Give some enterprising University of Washington students a whole day and they’ll dream up some amazing ideas. That’s the impetus for the annual Wiinfo Hackathon, held Jan. 28 at the HUB on the UW campus.
About 200 students spent the day in small groups huddled around tables, munching on snacks while brainstorming ideas, then designing and, in some cases, coding their technological solutions. They were joined by mentors representing sponsors of the event, including Alaska Airlines, Avanade, G.E. Digital and Nordstrom.
Peter Freschi and Xiaowen Feng, both senior Informatics majors, came prepared with an idea for an app that would have both economic and societal benefits.
“We’re going to try to address the societal issue of food waste, and the app will recommend recipes that use expiring food first,” Freschi said.
Feng said she was hoping the event would help crystallize their plans for their upcoming Capstone project.
“We have a big idea, but we don’t have the little details yet,” she said.
At another table, a group of Informatics majors was brainstorming. Juniors Alexis Burks and Sarah Feldmann, senior Sydnie Fenske and sophomore Nicole Wood were all at their first hackathon.
“I wanted to get the experience of a hackathon,” Fenske said. “You always hear about them, but you don’t really know what it is until you actually do it.”
Said Feldmann: “We’ve done a lot of projects in classes, but it will be interesting to see what we can get done in eight hours.”
The group later worked up an idea for crowdsourcing news events. The app would alert people to events happening around them and have them contribute reports from the scene.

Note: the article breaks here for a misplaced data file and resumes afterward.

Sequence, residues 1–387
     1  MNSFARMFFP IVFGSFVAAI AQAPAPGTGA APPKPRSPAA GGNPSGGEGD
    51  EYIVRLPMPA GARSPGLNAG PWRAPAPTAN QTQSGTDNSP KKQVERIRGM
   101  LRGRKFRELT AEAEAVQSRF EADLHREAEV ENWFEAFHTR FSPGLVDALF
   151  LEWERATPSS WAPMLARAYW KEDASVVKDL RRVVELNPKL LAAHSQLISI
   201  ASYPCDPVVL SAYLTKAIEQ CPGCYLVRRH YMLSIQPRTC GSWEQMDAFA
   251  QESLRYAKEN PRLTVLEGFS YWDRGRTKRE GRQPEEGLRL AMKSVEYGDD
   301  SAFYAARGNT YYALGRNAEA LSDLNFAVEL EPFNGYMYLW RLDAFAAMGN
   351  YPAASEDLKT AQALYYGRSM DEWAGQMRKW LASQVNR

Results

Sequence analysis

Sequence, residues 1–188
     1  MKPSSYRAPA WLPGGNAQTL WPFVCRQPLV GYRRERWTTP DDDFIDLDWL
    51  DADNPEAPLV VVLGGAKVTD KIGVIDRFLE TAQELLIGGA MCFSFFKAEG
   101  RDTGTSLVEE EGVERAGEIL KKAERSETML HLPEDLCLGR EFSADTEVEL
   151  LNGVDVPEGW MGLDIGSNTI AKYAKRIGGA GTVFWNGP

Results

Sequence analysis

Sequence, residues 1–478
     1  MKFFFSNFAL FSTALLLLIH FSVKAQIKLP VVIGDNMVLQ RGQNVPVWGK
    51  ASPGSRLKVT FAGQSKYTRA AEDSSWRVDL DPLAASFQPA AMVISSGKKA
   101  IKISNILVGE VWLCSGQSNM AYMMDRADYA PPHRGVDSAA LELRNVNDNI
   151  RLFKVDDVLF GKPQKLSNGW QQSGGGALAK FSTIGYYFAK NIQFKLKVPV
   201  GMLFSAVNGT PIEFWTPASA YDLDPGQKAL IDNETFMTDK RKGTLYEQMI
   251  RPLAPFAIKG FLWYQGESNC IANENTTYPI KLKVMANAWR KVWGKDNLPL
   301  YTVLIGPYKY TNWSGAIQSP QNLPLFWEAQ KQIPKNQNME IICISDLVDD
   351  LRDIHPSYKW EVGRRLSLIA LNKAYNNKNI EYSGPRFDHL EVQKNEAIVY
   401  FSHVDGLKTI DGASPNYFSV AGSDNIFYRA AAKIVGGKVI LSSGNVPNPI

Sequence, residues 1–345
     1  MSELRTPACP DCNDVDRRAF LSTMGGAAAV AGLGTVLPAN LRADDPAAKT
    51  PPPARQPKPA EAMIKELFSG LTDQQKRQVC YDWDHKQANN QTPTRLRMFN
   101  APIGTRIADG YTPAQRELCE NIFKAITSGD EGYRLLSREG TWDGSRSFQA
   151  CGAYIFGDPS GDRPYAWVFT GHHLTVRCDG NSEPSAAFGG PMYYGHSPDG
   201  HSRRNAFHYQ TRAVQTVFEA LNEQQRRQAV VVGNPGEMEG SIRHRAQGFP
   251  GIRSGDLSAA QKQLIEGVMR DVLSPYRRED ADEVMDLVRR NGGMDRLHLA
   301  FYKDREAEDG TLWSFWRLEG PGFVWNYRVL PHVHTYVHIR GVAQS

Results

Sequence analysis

While Winfo stands for Women in Informatics, the event was open to UW students of any major and gender. Many were current or prospective Informatics majors, while others hailed from departments such as computer science, human-centered design and engineering, or various social sciences. This year’s edition was the biggest yet, up from 150 attendees in 2016.
Isabella Spaletta, Winfo’s director of outreach, said this hackathon was unusual in that it was open to coders and non-coders alike.
“The people who don’t code still have a chance to be part of the Hackathon in a different way, because not everyone is a coder. Some people want to design and have great ideas,” she said. “So what we encourage is a little bit of both. If you want to come and code and design, you can. If you want to just design, we encourage you to do that, too.”
At the end of the Hackathon, projects were judged based on social impact, design, development and usefulness.
First place overall went to “Do Now!” Team members Aria Cha, Leanne Hwa, Rodney Olson, Isha Sharma and Alex Zhu designed the app to build positive everyday habits that make a positive impact on the world by issuing simple daily challenges to people.
Second place went to Conner Ardman, Gil Guday, Zach Palmer and Ryan Turner and their program, “ReMeD.” The program takes HTML code and converts it to R Markdown code that can be shared and analyzed much more effectively.
The Best Design award went to “PhilanTrophy,” an app created by Joyce Huang, Christy Lu, Aisha Toulegenova and Jing Wen Pan. The app is designed to make it easier for local charitable organizations to state their needs, such as canned goods or clothing, and for users to meet those needs with donations. People would earn points toward coupons or other special offers each time they contribute.